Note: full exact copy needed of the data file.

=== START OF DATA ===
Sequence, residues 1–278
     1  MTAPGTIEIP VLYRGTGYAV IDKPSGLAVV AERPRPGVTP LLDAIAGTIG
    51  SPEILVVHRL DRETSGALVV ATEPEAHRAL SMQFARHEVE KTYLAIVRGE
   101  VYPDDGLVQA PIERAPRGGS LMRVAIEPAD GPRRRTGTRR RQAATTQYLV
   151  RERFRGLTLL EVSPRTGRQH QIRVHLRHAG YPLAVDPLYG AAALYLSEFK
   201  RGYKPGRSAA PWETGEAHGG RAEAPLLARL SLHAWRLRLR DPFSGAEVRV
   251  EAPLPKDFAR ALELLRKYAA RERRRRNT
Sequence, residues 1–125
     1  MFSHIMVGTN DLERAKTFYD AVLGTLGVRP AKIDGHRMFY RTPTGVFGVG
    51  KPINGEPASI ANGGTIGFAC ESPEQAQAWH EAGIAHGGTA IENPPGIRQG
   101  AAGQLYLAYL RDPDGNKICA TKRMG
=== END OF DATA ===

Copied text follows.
Sequence, residues 1–278
     1  MTAPGTIEIP VLYRGTGYAV IDKPSGLAVV AERPRPGVTP LLDAIAGTIG
    51  SPEILVVHRL DRETSGALVV ATEPEAHRAL SMQFARHEVE KTYLAIVRGE
   101  VYPDDGLVQA PIERAPRGGS LMRVAIEPAD GPRRRTGTRR RQAATTQYLV
   151  RERFRGLTLL EVSPRTGRQH QIRVHLRHAG YPLAVDPLYG AAALYLSEFK
   201  RGYKPGRSAA PWETGEAHGG RAEAPLLARL SLHAWRLRLR DPFSGAEVRV
   251  EAPLPKDFAR ALELLRKYAA RERRRRNT
Sequence, residues 1–125
     1  MFSHIMVGTN DLERAKTFYD AVLGTLGVRP AKIDGHRMFY RTPTGVFGVG
    51  KPINGEPASI ANGGTIGFAC ESPEQAQAWH EAGIAHGGTA IENPPGIRQG
   101  AAGQLYLAYL RDPDGNKICA TKRMG